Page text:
Today is August 17, 2018 -
I remember my father’s usual answer to most of my questions throughout high school, “go look it up in your Funk & Wagnalls.” For those of you who do not understand the reference, Google it.
Today’s high schoolers aren’t even asking their parents the questions. Why should they? Google, Siri, and Alexa are all smarter than we are. The world is literally at their fingertips and their ease and comfort in accessing it are extraordinary.
These are our millennials. Many people are working diligently on trying to figure them out. Books and articles abound. A section of the recent Jewish Federations of North America board meeting was dedicated to understanding them as donors and lay leaders. Two sections of my recent conference were dedicated to them, one as donors/leaders, and the other as employees.
Here’s what we know: Statistically and anecdotally, they are unique. They want to make a difference; they work well in teams; they are highly motivated; they do not like to waste their time; they value work/family balance; they are ready to participate at the highest level and do not accept the concept of “paying their dues” first; they are burdened with student loans. If they believe in a cause and feel that they can make a contribution, they will roll up their sleeves and give it their all. However, if they don’t care about the cause or are not respected for what they can offer, we can kiss them goodbye.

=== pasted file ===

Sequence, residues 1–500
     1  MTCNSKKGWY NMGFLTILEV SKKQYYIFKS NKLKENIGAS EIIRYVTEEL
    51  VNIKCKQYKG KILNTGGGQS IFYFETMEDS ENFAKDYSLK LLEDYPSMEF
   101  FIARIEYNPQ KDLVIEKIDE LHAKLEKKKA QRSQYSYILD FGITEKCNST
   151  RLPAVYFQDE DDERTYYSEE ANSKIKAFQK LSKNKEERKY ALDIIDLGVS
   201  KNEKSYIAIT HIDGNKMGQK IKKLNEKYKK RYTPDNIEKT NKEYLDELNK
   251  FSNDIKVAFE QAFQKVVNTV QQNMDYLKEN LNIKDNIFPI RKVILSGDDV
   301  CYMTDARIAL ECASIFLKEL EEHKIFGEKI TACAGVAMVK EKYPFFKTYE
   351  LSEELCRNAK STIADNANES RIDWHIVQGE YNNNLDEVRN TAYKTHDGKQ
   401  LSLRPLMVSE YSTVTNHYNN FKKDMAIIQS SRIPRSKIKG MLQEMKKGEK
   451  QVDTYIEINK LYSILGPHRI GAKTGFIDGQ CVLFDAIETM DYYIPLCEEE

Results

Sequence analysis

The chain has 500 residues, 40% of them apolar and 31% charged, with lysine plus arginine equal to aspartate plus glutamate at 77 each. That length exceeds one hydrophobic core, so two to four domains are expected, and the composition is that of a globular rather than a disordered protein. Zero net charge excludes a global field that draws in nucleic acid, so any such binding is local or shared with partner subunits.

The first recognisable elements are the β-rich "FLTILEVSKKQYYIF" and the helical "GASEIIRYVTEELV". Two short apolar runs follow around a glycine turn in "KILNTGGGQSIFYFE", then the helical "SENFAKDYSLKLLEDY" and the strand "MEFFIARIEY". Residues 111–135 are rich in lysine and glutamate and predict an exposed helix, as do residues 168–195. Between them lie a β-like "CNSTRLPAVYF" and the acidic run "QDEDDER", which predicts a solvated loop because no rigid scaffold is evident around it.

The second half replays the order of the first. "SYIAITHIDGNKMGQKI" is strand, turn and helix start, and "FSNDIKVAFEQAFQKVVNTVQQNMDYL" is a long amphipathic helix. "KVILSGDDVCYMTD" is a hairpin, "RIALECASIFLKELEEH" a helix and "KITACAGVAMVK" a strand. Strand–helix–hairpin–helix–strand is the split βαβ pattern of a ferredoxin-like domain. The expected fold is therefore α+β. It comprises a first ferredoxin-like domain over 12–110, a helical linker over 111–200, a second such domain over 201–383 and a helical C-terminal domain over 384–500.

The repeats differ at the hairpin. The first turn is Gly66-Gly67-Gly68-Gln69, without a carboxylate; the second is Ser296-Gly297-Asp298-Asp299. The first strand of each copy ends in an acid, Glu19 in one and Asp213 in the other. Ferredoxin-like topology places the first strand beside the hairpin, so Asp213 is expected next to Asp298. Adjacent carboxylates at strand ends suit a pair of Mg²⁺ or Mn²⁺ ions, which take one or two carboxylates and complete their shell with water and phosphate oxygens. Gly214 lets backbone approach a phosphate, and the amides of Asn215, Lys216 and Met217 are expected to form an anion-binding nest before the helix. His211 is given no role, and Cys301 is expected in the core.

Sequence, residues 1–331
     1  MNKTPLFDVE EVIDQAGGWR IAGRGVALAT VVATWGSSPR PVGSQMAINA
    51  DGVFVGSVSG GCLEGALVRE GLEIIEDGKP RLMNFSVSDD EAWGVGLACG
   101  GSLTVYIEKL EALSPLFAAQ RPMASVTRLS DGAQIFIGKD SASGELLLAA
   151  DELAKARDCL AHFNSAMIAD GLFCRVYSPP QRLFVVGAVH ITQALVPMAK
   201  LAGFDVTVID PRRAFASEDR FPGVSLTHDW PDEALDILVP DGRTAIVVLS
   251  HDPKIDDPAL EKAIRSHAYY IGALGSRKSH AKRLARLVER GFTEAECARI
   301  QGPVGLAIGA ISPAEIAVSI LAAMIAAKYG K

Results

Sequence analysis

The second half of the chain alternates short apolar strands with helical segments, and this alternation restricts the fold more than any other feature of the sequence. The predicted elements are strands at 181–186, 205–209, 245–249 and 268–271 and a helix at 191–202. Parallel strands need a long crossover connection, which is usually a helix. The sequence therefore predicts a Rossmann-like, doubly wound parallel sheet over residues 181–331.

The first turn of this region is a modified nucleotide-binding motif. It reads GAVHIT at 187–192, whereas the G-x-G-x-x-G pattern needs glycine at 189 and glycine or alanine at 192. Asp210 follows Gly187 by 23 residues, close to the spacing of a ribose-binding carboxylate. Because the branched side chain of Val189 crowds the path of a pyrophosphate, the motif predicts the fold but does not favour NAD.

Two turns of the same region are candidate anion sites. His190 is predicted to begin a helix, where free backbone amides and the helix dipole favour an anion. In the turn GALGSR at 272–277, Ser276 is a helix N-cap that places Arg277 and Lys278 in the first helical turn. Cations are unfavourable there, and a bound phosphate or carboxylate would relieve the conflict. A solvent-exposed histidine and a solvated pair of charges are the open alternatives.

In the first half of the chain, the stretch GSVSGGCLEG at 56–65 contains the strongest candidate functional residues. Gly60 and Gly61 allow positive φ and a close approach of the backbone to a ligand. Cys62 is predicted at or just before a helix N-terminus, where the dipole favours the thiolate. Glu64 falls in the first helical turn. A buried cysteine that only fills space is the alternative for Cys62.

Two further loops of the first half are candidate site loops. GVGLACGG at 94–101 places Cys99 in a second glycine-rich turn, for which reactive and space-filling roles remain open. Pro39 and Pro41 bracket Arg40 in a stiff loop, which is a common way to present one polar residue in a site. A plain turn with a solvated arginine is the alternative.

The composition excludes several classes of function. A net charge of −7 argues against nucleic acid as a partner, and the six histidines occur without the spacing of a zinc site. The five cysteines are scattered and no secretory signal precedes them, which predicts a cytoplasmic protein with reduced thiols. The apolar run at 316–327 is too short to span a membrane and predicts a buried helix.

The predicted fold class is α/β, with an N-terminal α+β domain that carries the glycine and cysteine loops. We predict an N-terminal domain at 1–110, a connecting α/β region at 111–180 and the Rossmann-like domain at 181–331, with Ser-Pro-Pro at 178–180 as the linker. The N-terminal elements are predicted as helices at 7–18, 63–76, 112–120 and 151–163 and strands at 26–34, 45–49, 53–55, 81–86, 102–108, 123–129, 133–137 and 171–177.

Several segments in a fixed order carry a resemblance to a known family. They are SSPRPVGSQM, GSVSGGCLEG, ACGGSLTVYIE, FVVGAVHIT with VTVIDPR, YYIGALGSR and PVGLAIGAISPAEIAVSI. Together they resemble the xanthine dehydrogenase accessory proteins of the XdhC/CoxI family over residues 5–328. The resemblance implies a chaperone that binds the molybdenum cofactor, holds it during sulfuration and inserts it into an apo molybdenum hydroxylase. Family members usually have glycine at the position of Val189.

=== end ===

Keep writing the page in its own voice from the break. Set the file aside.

So, where does that leave us?
Find the millennials. See what interests them and create programming around their interests. Give them ownership. Let them plan and execute their events. Slowly teach them who we are and what we do. If they appreciate our cause, they will join us, but then we have to give them the leadership opportunities. We cannot expect that they will sit quietly on a committee for 10 years before taking a leadership role. They will not. Their time is precious to them, and they want to make an impact today. Don’t expect a lot of money from them today; they don’t have any. But, if they don’t find us worthy today, they will not support us when they do.
My big takeaway from the conference for us boomers and x-gens: the millennials are a long-term investment, but one that is critical to our own future.